Saturday, January 16, 2010

GN&R Editorial Board Shamefull Propaganda Spin on Duke and Progress Layoffs?

"...Progress Energy, headquartered in Raleigh,

...Duke Energy, which is anchored in Charlotte.

Combined, they’ll serve more than 7 million customers, including most residents and businesses in North Carolina.

Otherwise known as a monopoly?

Rate cuts aren’t likely

The deal promises benefits, such as cost savings that can be passed to consumers.

Do the last two sentences contradict each other?

If there won't be rate cuts, what are the benefits?

...Duke only promises efficiencies that can “mitigate the future rate increases we expect.”

Sometimes people mistake the way I talk
for what I am thinking.

Idi Amin

...In Duke’s current service areas, customers should watch for signs that this equalization will result in Duke rates rising to meet falling Progress rates somewhere in the middle.

Since the long-term trend for prices is up,
the equalization (good for Progress customers, bad for Duke customers),
will be hidden by higher prices for all customers.

Peter Schwarz
Professor of Economics at UNC Charlotte

Everyone should gain from this deal, or it’s not worth doing.

Is what you think others think,
what they may be thinking,
or what they and/or some others want you to think they’re thinking?

...Some anxiety is felt in Raleigh, home city for Progress Energy. While a major administrative presence is likely to remain in the state capital, that’s not the same as a headquarters.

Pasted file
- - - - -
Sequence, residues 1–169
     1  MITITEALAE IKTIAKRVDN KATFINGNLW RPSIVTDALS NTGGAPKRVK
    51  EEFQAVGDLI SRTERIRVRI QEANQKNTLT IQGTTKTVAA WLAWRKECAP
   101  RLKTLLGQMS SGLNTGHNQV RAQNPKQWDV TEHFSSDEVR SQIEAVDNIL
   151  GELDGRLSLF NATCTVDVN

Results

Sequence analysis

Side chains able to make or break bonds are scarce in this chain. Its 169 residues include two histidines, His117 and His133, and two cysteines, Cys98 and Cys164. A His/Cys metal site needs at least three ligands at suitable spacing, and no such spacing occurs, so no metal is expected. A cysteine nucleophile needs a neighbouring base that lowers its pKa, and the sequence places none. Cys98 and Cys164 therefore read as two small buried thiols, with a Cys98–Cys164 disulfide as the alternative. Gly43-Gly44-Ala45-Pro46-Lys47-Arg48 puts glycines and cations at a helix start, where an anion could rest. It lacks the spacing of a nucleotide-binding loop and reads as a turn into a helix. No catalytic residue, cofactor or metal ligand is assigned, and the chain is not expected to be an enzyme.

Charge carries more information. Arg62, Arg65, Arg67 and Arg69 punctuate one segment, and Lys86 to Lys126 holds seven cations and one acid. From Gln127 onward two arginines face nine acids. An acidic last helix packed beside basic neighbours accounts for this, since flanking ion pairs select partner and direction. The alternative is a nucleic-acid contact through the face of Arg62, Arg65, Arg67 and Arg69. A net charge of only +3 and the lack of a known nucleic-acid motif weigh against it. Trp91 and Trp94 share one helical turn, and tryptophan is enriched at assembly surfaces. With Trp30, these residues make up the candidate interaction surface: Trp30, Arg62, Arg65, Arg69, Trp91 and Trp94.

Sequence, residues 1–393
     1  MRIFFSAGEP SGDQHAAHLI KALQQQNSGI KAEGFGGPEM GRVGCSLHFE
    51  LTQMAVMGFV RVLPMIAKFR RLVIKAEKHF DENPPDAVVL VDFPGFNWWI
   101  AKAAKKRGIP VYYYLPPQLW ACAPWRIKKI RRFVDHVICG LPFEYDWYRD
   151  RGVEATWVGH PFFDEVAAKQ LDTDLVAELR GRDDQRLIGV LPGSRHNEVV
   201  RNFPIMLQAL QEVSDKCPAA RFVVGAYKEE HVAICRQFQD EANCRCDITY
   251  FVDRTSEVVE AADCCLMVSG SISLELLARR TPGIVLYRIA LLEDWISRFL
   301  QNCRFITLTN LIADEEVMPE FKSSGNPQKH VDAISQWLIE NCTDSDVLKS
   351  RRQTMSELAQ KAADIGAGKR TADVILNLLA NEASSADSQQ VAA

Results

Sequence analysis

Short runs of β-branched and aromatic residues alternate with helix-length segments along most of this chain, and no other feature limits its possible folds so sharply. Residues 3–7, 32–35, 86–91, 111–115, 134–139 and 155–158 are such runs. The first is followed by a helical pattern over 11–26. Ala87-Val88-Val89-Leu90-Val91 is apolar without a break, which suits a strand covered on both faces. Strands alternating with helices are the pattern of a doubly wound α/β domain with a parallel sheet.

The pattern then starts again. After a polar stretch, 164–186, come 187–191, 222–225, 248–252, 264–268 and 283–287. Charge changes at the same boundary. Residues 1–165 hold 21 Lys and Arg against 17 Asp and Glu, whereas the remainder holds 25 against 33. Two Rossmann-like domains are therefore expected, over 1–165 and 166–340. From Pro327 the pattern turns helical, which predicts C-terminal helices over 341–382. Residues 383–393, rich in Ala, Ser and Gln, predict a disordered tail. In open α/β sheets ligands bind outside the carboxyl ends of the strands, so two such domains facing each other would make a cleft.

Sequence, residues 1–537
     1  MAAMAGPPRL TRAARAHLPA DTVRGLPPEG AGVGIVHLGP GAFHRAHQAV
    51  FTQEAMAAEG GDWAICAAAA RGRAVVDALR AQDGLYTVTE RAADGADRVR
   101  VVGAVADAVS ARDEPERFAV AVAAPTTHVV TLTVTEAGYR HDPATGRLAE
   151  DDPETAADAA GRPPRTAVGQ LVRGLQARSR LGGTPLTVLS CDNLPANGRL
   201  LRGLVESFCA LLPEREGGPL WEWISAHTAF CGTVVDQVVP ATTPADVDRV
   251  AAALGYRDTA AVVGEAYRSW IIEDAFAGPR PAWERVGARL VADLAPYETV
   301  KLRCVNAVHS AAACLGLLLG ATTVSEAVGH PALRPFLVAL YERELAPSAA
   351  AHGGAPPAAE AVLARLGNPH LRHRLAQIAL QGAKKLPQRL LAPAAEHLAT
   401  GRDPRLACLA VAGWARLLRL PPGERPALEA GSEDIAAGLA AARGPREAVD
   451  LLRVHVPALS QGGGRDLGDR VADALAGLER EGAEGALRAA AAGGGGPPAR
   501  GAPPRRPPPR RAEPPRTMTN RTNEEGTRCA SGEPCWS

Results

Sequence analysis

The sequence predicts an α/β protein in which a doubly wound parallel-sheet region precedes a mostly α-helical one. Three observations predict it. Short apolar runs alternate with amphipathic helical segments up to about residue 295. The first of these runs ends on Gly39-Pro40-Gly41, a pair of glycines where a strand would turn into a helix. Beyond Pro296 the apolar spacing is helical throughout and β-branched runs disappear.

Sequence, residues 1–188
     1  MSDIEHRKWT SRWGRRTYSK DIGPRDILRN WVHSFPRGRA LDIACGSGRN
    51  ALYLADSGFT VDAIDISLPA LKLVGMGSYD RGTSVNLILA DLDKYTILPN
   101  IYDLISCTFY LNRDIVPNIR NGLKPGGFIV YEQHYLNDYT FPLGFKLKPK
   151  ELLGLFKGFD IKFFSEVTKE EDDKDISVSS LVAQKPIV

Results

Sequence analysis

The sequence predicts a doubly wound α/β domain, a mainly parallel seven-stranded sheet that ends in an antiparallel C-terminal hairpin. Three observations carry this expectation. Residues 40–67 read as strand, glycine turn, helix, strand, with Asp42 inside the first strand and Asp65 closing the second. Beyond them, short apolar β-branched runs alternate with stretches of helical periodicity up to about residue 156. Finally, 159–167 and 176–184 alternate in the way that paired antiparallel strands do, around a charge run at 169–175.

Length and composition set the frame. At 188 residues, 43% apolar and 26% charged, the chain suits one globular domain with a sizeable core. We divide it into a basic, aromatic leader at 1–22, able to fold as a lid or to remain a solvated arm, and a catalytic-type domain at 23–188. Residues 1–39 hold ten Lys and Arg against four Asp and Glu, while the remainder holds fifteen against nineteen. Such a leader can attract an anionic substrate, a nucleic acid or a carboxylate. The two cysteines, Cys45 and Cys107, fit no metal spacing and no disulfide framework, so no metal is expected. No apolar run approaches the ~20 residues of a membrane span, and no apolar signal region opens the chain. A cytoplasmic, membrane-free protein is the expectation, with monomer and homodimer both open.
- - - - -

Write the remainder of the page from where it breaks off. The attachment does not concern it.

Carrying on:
But keeping the corporate structure in-state is still a plus by any reckoning.

How is "keeping the corporate structure in-state" a plus for the laid off workers?
If another doesn’t say all they mean,
do they mean all they say?

A down side to the merger, which can take a year to complete, will be a loss of jobs. Duke says it will eliminate duplicative operations but has not disclosed numbers.

“I could foresee an eventual 10-15 percent reduction in the combined work force,” UNC Charlotte economics professor Peter Schwarz, an expert on the energy industry, told the News & Record by e-mail.

The two companies employ about 30,000 workers in six states. Schwarz’s estimate would mean job cuts of 3,000 to 4,500 — not all in North Carolina.

Just mostly "duplicative operations"
located at both headquarters located in North Carolina?

4,500 mid-level jobs x about $70,000 salary = $315,000,000 lost income?

30% of $315,000,000 = $94,500,000 lost fed, state and local taxes?

If there's no new jobs, how many mortgages could default?
How could home prices be affected?
How much could property and other taxes have to increase on everyone else
to make up for the lost tax revenue?

Did the GN&R Editorial Board consider the increased taxation?

While no loss of jobs is welcome, there could be compensating benefits. Reliable, low-cost energy is attractive to businesses, Schwarz said. With Duke’s low rates, “industry should view the increased Duke coverage as a positive.”

How can there be "compensating benefits" if rates and taxes continue to rise?

Duke is an “excellent ally,” said Dan Lynch, president of the Greensboro Economic Development Alliance, because of its competitive rates and “extremely high reliability quotient ... I would think it’s going to be good for everybody,” he said of a possible merger.